Does the PGA Tour still need a PIF deal? Jordan Spieth doesn't think so
Jordan Spieth speaks during a pre-tournament press conference at the 2024 AT&T Pebble Beach Pro-Am.
PEBBLE BEACH — The framework agreement between the PGA Tour and the Public Investment Fund of Saudi Arabia that was revealed on June 6 isn’t dead, at least not according to Wednesday’s press release from the PGA Tour announcing its $3 billion investment deal with Strategic Sports Group. But the heartbeat seemed to be growing fainter.
With SSG making an initial investment of $1.5 billion into the launch of tour’s new commercial venture, PGA Tour Enterprises, it appears that the money PIF would have made available isn’t needed quite as urgently, though Wednesday’s announcement stated that negotiations continue with PIF on a potential future investment. PIF, of course, provides the financial underpinning for the rival LIV Golf League, whose launch necessitated SSG's infusion of capital into the PGA Tour.
Jordan Spieth, a member of the PGA Tour Policy Board that approved the agreement with SSG, flatly said on Wednesday at Pebble Beach Golf Links, “I don’t think that it’s needed,” referring to a deal with PIF.
“I think the positive [of a deal with PIF] would be a unification [of PGA Tour and LIV players], but I just think it's something that is almost not even worth talking about right this second,” said Spieth, who assumed a seat on the board vacated late last year by Rory McIlroy. “The idea is that we have a strategic partner that allows the PGA Tour to go forward the way that it's operating right now without anything else.”
Players at the $20 million AT&T Pebble Beach Pro-Am, which begins Thursday, responded positively to the news of the SSG investment, which puts the tour on a more solid financial footing as it attempts to compete with the deep pockets at LIV’s disposal through the PIF. The question that will have to be settled sooner or later is the one regarding re-unification of the sport. And there is no easy answer after months of speculation that men's professional golf was on such a path.
“Overall, it seems like a positive thing,” Russell Henley said of the SSG partnership, "but right now we're still losing players."
On Tuesday, England’s Tyrrell Hatton defected to LIV Golf, joining Ryder Cup teammate Jon Rahm on his Legion XIII team that debuts on Friday in the LIV Golf League’s season opener in Mexico. And Lucas Herbert, lesser known but a player who has wins on the PGA Tour and DP World Tour, was added to the LIV contingent on Wednesday.
McIlroy, the No. 2 player in the world and a staunch proponent of the tour in its battle with LIV, expressed an about-face on the status of LIV players should the tour eventually incorporate an investment from the Public Investment Fund. He espoused the opinion that LIV players should be welcomed back to the PGA Tour without penalty.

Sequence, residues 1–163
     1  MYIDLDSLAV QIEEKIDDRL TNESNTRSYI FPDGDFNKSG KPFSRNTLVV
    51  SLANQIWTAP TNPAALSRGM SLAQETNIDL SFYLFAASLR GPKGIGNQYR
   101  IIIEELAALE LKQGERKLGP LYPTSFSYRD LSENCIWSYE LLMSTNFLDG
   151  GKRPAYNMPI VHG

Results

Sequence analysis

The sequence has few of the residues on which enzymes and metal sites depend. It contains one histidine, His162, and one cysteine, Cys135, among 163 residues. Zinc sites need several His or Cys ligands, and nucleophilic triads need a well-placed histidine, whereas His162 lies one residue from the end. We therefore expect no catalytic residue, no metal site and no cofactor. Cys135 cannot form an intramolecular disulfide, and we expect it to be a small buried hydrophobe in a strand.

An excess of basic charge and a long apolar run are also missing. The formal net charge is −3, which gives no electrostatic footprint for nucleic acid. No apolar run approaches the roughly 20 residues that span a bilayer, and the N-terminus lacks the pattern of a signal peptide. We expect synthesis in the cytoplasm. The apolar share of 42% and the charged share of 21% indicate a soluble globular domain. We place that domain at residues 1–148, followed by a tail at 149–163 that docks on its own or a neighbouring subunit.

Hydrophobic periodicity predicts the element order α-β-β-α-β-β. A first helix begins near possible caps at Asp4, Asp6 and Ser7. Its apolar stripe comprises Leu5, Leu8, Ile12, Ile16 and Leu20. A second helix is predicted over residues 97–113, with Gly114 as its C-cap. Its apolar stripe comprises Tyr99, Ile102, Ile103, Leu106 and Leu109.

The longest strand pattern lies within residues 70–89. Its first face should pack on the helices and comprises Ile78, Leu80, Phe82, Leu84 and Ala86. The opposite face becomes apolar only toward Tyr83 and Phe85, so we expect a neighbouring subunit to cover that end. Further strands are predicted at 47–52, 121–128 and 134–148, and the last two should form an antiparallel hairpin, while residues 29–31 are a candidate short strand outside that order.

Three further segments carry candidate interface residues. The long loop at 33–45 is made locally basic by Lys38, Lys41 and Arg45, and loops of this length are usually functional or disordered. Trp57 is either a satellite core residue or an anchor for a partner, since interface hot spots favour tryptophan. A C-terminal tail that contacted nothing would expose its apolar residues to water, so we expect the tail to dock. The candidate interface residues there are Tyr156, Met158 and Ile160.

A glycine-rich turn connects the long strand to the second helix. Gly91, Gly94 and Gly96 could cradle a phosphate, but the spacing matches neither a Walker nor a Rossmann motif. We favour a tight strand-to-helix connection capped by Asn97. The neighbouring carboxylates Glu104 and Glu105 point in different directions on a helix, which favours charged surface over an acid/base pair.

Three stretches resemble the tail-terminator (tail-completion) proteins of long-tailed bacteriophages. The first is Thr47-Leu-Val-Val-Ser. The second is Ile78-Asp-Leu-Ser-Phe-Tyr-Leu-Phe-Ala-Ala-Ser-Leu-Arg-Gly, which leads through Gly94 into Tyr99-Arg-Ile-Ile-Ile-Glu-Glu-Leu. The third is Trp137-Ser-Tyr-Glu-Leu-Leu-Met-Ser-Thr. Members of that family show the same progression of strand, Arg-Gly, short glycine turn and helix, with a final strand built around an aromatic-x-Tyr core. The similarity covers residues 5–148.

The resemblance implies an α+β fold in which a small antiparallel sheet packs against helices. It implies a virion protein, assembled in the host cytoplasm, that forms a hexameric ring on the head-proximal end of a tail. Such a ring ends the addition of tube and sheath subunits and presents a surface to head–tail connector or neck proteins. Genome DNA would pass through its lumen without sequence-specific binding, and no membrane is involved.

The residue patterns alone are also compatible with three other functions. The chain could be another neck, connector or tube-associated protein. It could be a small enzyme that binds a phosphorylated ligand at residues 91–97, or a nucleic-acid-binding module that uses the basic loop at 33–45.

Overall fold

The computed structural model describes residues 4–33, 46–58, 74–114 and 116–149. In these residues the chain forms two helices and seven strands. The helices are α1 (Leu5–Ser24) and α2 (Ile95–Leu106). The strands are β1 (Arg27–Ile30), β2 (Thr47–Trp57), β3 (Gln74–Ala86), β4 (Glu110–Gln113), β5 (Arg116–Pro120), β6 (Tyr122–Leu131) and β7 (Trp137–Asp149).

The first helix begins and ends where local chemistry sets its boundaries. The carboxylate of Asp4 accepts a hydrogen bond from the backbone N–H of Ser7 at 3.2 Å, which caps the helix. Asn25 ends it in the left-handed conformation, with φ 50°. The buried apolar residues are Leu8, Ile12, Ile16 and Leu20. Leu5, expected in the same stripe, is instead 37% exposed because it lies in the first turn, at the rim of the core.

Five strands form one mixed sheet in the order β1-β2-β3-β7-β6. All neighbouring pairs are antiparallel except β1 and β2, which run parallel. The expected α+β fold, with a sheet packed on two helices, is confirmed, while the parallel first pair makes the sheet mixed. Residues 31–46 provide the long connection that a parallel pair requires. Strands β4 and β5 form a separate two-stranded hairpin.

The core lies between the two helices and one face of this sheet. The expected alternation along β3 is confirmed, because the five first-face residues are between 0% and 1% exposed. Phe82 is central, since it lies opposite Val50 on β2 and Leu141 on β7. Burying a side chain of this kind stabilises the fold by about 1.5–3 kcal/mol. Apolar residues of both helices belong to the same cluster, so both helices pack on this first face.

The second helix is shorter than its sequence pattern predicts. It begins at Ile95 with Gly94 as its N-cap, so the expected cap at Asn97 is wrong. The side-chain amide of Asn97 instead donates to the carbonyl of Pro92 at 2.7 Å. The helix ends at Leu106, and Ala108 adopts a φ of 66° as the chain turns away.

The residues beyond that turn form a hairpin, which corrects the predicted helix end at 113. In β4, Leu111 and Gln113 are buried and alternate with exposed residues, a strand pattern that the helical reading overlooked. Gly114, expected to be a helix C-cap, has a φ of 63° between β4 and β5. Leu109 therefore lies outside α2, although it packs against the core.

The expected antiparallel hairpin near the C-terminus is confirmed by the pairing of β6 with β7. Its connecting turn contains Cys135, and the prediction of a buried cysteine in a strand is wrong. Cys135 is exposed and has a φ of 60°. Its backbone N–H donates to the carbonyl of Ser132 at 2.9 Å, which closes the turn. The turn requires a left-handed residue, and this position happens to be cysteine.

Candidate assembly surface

“I don't know,” Justin Thomas said when asked about that possibility, not quite ready to agree with his South Florida neighbor. “I haven't gotten that far yet. There's still a lot to happen.”
Jordan Spieth gave the impression that a deal between the PGA Tour and LIV Golf financial backer LIV might not be necessary moving forward.
Spieth said he has heard arguments on both sides of the issue.
“I've done a lot of talking with a lot of players in the last couple months,” said the Texas native. “That's Rory's viewpoint. I could name some guys with the same viewpoint; I could name some guys with a totally opposite viewpoint. So it's certainly mixed on how players feel about that.”
Of course, the tour first would have to come to an agreement with PIF, one that would be acceptable to SSG and would clear the requisite legal and regulatory hurdles that might come from Congress and the Department of Justice. And there is no telling if tour members, who stand to profit from the SSG investment via an equity stake in the new for-profit entity, would even welcome PIF as a minority stakeholder.
“I think it just depends,” said Spieth, who downplayed the urgency of a PIF deal as being "No. 10 on the list of 10 things."
“From where I sit, which is hopefully representing our entire membership, it matters how they feel about the entire situation,” Spieth continued. “And then, you know, at this point if the PIF were interested in coming in on terms that our members like and/or the economic terms are at or not beyond SSGs and they feel it would be a good idea, I think that's where the discussions will start.
“I'm not sure of the level necessarily of the importance because it will be up to our members to figure that out.”
Apparently, they are in no particular hurry anymore.